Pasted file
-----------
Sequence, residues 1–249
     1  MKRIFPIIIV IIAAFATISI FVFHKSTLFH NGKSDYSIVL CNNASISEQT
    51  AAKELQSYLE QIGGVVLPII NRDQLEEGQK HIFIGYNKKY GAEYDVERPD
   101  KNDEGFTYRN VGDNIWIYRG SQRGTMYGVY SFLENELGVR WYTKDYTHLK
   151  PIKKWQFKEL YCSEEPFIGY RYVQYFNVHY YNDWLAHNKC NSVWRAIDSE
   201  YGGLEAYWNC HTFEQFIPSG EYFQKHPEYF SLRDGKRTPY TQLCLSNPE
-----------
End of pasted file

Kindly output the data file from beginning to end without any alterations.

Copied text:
Sequence, residues 1–249
     1  MKRIFPIIIV IIAAFATISI FVFHKSTLFH NGKSDYSIVL CNNASISEQT
    51  AAKELQSYLE QIGGVVLPII NRDQLEEGQK HIFIGYNKKY GAEYDVERPD
   101  KNDEGFTYRN VGDNIWIYRG SQRGTMYGVY SFLENELGVR WYTKDYTHLK
   151  PIKKWQFKEL YCSEEPFIGY RYVQYFNVHY YNDWLAHNKC NSVWRAIDSE
   201  YGGLEAYWNC HTFEQFIPSG EYFQKHPEYF SLRDGKRTPY TQLCLSNPE